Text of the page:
I am the dunce of my family when it comes to learning foreign languages. Most of my school French lessons were spent giggling at the back with a Matt Goss fan called Becky Stradwick. So when I was asked to review a beginners' Spanish course at Academia Mester in Salamanca, I jumped at the chance of a fresh start with a new language.
"¡Hola! ¿Como estas?", asks Jesús, my new teacher. I'm fine, now that I've met him - he's a young, university-educated professional, like all of the teaching staff at the school. He's also blessed with a typically Spanish sunny nature, and oodles of patience. This is great for me because I'm nervous about how I'm going to cope with the lessons being purely in Spanish. The only vocabulary I seem to have retained from a fortnight in Tenerife is papel higienico (toilet paper).
Within seconds, I'm able to introduce myself and say where I'm from, and ask my Dutch classmate Paula to do the same. She and I are lucky - the school runs new courses at all levels every Monday, no matter how many or how few enrolments there are, and with just two of us in the class - the maximum class size is 10 - we get a lot of attention.
Mester is one of several Spanish language schools in Salamanca accredited by the Instituto Cervantes (the Spanish government's cultural centre). Salamanca is a university town 210km north of Madrid, famous for its exquisite main square (la Plaza Mayor), and something of a mecca for language teaching because its inhabitants speak a pure form of Spanish.
Paula and I have grammar with Jesús from 9am until 10.40am, then a chance for a quick drink in the coffee bar next to our bright, airy classroom, before conversation with Emilia from 10.50 until 12.30. Grammar comes first to give us a grounding in the structure of the language, and also because it is seen as a bit of a slog. But I find that the school, and Jesús, manage to make it fun. We learn how to pronounce the alphabet by playing hangman. And instead of working from text books, we use attractively designed booklets full of fun exercises, such as "name the Spanish celebrity" (Placido Domingo, Julio Iglesias, and so on).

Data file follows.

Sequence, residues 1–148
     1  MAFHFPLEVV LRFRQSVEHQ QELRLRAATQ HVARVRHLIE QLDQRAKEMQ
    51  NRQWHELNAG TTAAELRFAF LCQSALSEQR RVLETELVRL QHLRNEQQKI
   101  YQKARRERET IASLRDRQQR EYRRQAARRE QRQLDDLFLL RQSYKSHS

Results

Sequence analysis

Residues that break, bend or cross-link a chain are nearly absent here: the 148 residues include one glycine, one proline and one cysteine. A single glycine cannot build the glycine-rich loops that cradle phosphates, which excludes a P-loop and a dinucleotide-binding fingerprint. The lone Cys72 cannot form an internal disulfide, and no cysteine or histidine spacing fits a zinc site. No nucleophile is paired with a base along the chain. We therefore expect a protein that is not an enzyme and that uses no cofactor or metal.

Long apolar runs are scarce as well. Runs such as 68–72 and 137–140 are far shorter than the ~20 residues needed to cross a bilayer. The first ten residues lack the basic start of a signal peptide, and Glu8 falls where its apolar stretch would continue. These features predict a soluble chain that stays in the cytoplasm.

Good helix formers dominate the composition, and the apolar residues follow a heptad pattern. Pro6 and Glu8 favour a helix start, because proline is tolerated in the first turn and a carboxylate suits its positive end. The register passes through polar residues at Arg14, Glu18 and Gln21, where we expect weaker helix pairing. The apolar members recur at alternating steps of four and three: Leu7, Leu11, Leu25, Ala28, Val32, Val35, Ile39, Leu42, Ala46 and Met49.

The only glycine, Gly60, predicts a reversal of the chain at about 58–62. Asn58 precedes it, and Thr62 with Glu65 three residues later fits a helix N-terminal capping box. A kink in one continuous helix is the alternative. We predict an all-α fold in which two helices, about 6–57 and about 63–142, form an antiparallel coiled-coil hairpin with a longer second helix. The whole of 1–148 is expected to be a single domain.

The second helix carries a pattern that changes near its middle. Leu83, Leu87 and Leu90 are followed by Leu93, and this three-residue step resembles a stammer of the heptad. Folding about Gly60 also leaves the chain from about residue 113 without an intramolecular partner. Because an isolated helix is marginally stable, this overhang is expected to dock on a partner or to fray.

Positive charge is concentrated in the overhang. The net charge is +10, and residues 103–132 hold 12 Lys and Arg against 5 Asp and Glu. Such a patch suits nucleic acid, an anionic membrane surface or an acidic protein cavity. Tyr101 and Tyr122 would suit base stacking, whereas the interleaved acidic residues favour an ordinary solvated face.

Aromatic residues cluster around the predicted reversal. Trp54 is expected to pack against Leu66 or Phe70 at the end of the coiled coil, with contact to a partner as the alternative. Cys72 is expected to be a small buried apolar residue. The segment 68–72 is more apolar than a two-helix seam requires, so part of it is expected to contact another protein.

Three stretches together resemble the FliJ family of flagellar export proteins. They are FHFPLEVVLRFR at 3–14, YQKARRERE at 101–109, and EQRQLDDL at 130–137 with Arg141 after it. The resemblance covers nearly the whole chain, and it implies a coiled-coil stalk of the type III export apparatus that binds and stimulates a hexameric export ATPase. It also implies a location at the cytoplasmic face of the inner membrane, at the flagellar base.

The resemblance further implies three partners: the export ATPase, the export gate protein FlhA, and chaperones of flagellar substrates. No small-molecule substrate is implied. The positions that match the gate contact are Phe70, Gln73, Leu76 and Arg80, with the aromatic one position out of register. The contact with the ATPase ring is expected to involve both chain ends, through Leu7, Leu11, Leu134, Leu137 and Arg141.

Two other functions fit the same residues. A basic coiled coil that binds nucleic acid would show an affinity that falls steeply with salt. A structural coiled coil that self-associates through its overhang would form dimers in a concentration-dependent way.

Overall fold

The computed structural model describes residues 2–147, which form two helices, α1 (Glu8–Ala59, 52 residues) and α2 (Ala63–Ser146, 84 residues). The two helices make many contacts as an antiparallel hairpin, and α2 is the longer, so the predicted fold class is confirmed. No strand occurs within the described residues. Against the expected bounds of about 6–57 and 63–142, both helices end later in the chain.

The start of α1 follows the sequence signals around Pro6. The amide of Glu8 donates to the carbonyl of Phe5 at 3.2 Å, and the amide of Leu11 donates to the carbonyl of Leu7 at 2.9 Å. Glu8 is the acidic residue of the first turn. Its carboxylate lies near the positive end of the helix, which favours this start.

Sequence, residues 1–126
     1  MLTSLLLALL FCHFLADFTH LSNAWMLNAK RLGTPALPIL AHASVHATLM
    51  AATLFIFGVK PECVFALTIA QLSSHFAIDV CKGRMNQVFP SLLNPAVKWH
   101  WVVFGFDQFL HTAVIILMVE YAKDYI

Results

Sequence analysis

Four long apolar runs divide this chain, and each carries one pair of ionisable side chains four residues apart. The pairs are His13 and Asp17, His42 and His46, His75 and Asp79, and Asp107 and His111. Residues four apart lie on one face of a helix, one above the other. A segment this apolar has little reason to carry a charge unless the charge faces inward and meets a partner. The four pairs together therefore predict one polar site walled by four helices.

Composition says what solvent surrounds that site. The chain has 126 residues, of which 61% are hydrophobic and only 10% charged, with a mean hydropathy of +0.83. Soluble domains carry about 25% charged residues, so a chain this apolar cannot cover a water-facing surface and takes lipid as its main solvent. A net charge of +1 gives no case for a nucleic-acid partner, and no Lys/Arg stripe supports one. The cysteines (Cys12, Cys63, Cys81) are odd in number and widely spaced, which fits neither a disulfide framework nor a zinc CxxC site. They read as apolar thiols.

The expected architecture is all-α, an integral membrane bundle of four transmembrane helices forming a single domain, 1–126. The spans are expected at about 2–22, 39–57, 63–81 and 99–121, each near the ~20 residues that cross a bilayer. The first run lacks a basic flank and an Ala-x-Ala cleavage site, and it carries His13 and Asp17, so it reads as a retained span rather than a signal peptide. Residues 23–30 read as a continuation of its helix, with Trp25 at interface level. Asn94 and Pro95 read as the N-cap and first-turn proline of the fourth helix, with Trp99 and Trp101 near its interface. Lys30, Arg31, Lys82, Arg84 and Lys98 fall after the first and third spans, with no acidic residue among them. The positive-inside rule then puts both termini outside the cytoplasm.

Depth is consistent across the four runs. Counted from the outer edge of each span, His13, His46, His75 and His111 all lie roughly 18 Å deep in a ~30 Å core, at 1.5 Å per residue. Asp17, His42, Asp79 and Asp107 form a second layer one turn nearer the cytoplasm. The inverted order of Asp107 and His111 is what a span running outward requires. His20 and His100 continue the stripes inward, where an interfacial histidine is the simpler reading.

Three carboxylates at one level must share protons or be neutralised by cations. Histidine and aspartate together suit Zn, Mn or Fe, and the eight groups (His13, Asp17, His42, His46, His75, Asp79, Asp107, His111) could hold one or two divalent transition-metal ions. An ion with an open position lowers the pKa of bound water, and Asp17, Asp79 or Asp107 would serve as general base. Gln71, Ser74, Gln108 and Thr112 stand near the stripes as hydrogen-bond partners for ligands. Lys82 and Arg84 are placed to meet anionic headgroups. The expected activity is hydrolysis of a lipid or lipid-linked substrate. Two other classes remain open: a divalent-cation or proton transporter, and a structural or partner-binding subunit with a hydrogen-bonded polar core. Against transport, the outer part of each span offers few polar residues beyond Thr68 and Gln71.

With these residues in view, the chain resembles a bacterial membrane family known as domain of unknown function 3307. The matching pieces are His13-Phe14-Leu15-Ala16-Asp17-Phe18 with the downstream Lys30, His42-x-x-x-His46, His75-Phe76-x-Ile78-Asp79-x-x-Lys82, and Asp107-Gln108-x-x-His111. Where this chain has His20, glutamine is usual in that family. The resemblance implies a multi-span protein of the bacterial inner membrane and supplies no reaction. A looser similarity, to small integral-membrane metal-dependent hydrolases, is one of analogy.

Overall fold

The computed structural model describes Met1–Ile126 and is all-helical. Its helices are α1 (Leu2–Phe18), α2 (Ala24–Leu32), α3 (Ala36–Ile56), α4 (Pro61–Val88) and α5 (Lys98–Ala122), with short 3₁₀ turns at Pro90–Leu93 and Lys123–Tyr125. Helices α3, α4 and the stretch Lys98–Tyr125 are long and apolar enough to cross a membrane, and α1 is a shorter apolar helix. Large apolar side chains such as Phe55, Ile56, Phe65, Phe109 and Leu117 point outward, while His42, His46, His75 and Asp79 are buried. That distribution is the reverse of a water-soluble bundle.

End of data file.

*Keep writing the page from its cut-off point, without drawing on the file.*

Irregular verbs are the only bit I find dull. I start being naughty and checking in English with Jesús whether I have understood a few things correctly.
This isn't possible with Emilia, who doesn't speak English. Like Jesús, she is either a good actor or genuinely enjoys teaching unconfident beginners like me. By the end of my week-long visit (courses last up to one academic year) I'm able to tell the time, make (very) small talk with strangers, and describe at length the student apartment I am staying in.
Here's the rub. I would recommend staying with fellow students only if you are younger than 25, and fairly thick-skinned. At 29, I found the boozy antics of my younger flatmates - the average age of students at Mester is between 22 and 25 - a bit of a strain. And when I overheard one of them bitching about me for speaking to a Japanese girl in English (her English was better than my Spanish, so I'm not sure what the problem was), I wished I'd taken up the option of staying with a Spanish family. Thankfully, lots of the students were delightful, including Paula, and Christiaan (also Dutch), who came to my rescue when it turned out that my flat (which was simple and attractive) didn't have a tin opener. He hacked into my tin of beans with a knife, while dressed as the Grim Reaper - there was a fancy dress party at the school that night.
Mester is hot on organising extracurricular activities to help students relax and immerse themselves in the Spanish culture and language. Two or three events take place every day from 5pm, when the school reopens after lunch. Spanish films, or American films dubbed into Spanish, are shown. There are talks about history and culture, and dance classes.
Then there are weekend excursions, which include visits to some of Spain's major bull farms; and horse riding in the wild countryside around the town. My short stay didn't allow time for these, but I plan to return as soon as possible.
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